All well and good, but Werner-Colan buries the lead in that RealityStudio, like many rogue archives I would guess, is free and entirely self-financed. Such sites may become obsolete. The recent trend in subscription newsletters, like in Substack, Twitter, and Facebook, is moving to placing content like that on RealityStudio behind paywalls. As Rick James told us, “Cocaine is a hell of a drug.” But for artists and content creators generally, money is the most powerful drug of all. Like junk, the addict will crawl through the gutter to get it. Or scrape the bottom of the barrel. Would Burroughs ever have written the Introduction to Queer if it was not for the book contract hanging over his head with the pressure to sensationalize and sell books? Nobody is immune. Patti Smith recently announced her partnership with Substack. Free Money, indeed.
On RealityStudio, there are no ad banners; the site sells nothing; all the content is available for free with no strings attached and no paywalls. The site in addition, unlike institutions like the NYPL or university libraries or museum archives like the MOMA, accepts no donations, applies for no grants, and receives no endowments, despite the considerable expense of storing and hosting the site’s massive amount of content. The contributors are not paid; the community is built entirely on the concept of sharing. Again, this reflects the nature of much of the site’s content: William Burroughs’ publications in the Mimeo Revolution from 1957-1965. Before the Mimeo Revolution was overcome and destroyed by bureaucratization and the pursuit of government assistance, roughly beginning in 1967, it was independently financed by the publishers themselves, who were often writers and/or artists, all outside of the influence of corporate publishing, academic institutions and the government. RealityStudio is in essence a waste of money. It is a form of potlatch; collecting should operate in the same manner. Robert Jackson be damned.
Like Jeff Ball, I am a pornographer, but I like to think that my images are tastefully done. It is not enough to focus on mint dust jackets and cool inscriptions; I wanted my collection to speak for itself in that I wanted to scan an entire magazine or the entire run of a magazine not just the Burroughs appearance. A magazine is a conversation, Burroughs rubs elbows and interacts with other writers and artists when he appears in its pages, I wanted that conversation to be heard. The books in my collection were not just porn. No you read them for the articles. They were living, breathing beings who had things to say and teach us. I have been lucky enough in that others have listened to what I have said and to what my collection says. Burroughs’ magazine appearances are no longer viewed as secondary items, they might be C-items in the bibliography, but they are not C-list.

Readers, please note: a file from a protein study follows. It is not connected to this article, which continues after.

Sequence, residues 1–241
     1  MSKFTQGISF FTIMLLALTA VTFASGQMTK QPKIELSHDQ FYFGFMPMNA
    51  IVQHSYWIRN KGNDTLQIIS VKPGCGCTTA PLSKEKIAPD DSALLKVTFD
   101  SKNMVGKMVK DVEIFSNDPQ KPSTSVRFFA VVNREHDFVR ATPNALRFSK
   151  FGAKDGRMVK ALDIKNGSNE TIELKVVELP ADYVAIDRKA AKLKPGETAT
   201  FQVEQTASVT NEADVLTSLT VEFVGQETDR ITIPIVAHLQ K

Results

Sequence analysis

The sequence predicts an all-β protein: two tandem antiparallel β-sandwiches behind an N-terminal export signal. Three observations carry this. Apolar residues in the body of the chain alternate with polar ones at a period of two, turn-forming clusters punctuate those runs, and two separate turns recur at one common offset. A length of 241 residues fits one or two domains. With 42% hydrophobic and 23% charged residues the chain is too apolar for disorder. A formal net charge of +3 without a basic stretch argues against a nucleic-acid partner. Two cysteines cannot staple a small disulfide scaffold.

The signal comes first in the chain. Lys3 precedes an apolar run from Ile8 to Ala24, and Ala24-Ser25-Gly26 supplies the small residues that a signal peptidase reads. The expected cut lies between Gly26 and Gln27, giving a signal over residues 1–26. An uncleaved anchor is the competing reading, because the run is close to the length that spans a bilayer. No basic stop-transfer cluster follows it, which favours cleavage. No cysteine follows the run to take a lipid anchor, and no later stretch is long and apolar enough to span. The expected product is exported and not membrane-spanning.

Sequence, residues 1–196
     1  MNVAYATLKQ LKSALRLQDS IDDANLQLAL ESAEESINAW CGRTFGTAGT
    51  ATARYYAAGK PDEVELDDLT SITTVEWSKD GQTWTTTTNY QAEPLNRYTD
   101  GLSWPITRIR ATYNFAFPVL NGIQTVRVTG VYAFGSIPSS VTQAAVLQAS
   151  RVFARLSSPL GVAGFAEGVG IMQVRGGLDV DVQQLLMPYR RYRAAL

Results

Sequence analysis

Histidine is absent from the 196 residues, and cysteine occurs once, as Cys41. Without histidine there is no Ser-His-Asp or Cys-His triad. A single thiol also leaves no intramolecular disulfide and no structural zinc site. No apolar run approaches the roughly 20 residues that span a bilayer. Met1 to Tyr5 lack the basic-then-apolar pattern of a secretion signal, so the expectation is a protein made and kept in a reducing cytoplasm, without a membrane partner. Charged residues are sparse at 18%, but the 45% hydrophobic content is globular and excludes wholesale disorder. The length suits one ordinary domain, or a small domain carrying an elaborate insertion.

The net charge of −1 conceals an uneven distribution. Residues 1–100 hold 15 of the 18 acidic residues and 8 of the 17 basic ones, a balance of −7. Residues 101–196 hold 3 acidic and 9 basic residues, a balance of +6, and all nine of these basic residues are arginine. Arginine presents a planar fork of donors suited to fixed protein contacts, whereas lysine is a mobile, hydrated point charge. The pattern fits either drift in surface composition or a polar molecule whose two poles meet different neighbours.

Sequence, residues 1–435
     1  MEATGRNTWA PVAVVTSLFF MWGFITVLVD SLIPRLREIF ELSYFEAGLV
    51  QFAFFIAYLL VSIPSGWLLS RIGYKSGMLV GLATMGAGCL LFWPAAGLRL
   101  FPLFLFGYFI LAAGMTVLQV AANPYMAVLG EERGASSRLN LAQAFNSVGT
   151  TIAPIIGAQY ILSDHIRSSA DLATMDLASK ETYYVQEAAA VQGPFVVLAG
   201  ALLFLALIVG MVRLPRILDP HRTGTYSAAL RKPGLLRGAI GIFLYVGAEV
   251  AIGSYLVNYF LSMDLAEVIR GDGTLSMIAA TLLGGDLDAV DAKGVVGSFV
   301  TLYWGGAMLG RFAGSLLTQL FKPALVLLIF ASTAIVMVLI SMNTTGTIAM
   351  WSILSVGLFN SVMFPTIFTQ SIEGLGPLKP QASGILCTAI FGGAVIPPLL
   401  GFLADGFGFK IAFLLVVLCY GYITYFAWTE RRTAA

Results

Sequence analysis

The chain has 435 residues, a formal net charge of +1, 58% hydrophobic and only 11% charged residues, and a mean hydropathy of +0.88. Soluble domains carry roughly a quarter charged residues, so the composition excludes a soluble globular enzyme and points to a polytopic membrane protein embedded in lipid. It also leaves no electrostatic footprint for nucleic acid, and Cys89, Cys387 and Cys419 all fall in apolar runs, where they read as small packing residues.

As a pornographer, I am also an influencer. Because of RealityStudio, its articles and its archives, more people are collecting and writing about little magazines, those with Burroughs appearances and otherwise, than ever before. The market for little magazines, again Burroughs-related and otherwise, has gone up dramatically. As I wrote in “The Great Mimeo Revolution” essay on the Between the Covers catalog that revolutionized the market, the increases in Floating Bear, Fuck You, and My Own Mag can be directly attributable to the essays on RealityStudio and their digitization. And collectors seem to be buying them. Robert Jackson would be proud. More interestingly, as Alex Werner-Colan states, my rogue archive has served Burroughs scholars and literary scholars generally as a source of primary materials as an alternative to institutions like the NYPL with their restrictions and protocols. For example, Oliver Harris utilized RealityStudio and my collection for his research into little magazines and Mimeo Revolution publications in his Restored Editions. Other scholars have relied on RealityStudio for research into Floating Bear, Fuck You magazine and Press, C Magazine and Press, Yugen, and My Own Mag. This extends to the RealityStudio community of scholars. Casey Rae’s book on rock and roll draws heavily on the site’s research into Kurt Cobain and Joy Division as well as James Adams’ research into Bob Dylan. Chris Kelso’s book on Burroughs and Scotland benefits greatly from the research, insight, and interviews of Graham Rae. Through his relationship with RealityStudio, Rae has become something of a Burroughs collector himself. What this all proves is that if you talk about yourself long enough and loud enough somebody will eventually listen. And then maybe talk about you. Ok, I will shut up now.
6 thoughts on “#7 – Jed Birmingham”
“Cripes mullarkey, Jed!!”
or, as you say your side of the Pond, “Well, I’ll be darned”.
I thank you for your kind words …
Old pond — frogs jumped in — sound of water.
Mighty fine look at collecting and collectors. Jed, always enjoy your writing.
Mes hommages – you have created a work for the ages – an archive for everyman- screw the citadels!
A great series, with the perfect ending. Thank you, Jed!
Revolutionary.. I have never felt so indebted as I do when seeking out the gems made freely available here.. I even recently sought out and read Bomb Culture!! I seriously doubt anyone would begrudge you a place on the list, Jed.. Bravo indeed..
I didn’t think you could top your previous posts in this series. But you did. It’s like listening to Beethoven’s Fifth.